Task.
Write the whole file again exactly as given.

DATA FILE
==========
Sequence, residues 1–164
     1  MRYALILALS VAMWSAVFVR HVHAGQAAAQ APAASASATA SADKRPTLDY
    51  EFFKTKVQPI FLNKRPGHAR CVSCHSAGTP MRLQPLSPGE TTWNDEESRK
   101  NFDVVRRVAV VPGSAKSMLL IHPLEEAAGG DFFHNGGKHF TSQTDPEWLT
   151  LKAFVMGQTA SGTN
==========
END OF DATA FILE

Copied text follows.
Sequence, residues 1–164
     1  MRYALILALS VAMWSAVFVR HVHAGQAAAQ APAASASATA SADKRPTLDY
    51  EFFKTKVQPI FLNKRPGHAR CVSCHSAGTP MRLQPLSPGE TTWNDEESRK
   101  NFDVVRRVAV VPGSAKSMLL IHPLEEAAGG DFFHNGGKHF TSQTDPEWLT
   151  LKAFVMGQTA SGTN